Anita Wilson agrees. “Gospel Music provides inspiration as well as hope for the African American Community,” she affirms. “When experiencing life’s triumphs and challenges, the melodies of Gospel songs we’ve heard throughout our lives quickly come to mind. These lyrics help us all stay grounded and uplifted.”
In the late 1920’s, right before Thomas Dorsey began his musical pilgrimage in the Gospel music arena, many churches did not have musical instruments. African Americans in small southern towns mostly worshipped in small congregations where call & response songs ruled the day – and those songs were sung acapella. Hand clapping and foot stomping filled in wherever the music was lacking. People, who remembered those times, said the singing could be heard from miles away.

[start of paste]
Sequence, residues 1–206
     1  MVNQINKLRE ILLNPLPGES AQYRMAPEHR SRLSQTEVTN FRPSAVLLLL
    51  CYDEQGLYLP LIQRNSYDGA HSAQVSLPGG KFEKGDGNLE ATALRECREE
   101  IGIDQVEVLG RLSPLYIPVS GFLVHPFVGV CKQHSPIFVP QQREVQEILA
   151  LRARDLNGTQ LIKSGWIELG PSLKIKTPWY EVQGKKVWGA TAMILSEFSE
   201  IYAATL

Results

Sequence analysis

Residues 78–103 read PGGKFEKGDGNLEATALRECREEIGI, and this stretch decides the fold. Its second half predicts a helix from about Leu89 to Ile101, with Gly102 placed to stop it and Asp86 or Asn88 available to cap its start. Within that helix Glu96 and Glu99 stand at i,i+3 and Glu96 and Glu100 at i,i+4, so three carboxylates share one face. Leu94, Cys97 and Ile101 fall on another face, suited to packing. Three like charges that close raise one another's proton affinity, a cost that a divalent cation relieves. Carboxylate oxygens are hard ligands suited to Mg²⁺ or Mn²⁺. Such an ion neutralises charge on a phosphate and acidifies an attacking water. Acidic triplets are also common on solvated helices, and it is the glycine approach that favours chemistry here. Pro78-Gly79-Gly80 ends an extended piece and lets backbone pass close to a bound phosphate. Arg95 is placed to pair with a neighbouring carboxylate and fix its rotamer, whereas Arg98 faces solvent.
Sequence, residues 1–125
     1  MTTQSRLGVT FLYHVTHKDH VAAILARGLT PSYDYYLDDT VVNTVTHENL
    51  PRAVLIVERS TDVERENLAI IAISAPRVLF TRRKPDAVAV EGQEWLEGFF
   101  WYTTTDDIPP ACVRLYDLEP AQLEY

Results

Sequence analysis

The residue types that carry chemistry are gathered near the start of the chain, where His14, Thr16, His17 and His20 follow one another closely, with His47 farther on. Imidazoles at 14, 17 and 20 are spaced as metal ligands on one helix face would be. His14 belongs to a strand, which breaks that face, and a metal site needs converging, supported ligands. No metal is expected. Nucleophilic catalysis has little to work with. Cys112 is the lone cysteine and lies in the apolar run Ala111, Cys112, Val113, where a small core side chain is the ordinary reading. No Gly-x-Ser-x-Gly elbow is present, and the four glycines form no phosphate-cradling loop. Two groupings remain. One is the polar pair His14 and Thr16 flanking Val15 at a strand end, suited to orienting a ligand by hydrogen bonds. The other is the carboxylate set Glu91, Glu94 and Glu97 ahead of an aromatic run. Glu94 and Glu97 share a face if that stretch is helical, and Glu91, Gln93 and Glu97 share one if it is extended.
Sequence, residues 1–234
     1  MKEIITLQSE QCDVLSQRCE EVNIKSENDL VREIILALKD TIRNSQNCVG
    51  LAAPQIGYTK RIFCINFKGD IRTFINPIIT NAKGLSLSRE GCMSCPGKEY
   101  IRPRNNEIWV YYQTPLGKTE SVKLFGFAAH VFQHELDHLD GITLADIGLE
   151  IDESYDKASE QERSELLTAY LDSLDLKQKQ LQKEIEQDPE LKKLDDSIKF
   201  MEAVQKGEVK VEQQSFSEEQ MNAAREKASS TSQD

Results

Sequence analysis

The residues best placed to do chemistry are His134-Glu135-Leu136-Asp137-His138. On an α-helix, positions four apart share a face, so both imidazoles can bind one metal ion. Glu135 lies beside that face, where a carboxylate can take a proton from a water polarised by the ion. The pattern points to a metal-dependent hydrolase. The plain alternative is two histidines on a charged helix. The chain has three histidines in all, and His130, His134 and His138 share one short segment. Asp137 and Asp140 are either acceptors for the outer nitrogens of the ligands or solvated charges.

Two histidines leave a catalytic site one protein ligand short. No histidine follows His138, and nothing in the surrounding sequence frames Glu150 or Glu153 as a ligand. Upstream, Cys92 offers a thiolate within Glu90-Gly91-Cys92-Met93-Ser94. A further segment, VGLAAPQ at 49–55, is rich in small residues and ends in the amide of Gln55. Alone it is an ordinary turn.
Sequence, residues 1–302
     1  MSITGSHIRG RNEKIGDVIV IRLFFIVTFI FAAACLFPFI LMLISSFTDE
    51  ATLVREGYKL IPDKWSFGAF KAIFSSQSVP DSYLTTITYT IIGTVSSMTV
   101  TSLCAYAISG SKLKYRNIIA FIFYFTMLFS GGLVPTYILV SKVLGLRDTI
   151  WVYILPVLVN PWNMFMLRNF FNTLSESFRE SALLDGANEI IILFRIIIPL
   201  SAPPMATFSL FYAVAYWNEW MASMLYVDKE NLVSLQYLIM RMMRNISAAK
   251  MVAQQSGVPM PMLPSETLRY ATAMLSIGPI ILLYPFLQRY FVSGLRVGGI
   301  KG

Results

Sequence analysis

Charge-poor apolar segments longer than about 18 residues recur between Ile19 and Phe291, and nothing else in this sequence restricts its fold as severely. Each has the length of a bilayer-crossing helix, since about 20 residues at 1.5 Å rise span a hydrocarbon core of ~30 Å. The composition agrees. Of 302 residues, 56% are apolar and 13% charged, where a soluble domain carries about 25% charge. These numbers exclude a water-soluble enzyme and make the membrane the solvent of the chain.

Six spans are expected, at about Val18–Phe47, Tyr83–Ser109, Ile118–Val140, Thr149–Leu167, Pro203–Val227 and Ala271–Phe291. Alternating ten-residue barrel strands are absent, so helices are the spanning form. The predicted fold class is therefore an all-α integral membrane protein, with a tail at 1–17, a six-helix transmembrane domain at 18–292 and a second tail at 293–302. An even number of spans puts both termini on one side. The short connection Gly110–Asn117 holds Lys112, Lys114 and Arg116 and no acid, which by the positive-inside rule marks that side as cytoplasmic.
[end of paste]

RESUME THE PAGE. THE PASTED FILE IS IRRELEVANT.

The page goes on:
Dorsey was a Georgia native who was a notorious blues piano player and composer known as “Georgia Tom”. After hearing an audience singing spirituals in 1921 at the National Baptist Convention in Chicago, he was inspired to integrate the smooth sounds of jazz with the Gospel message. Dorsey ingeniously used Bible scriptures, written with stimulating words, to inspire delightful but ‘spirit-filled singing’. But it was not until the early 1930’s that Dorsey gave his full attention to writing Gospel songs, and introduced them to churches.
Urban Inspirational Recording Artist and Grammy and Dove nominated songwriter, Dayna Caddell (What He’s Done, Crazy) believes,
“Black people, more than other cultures, have held on to God’s word through adversity and joyous occasions throughout time. By putting scripture in a lyrical form, it becomes tangible in a sense. Not only can we speak of His goodness, but now share in song, which can have a tremendous impact on lives and the culture as a whole.”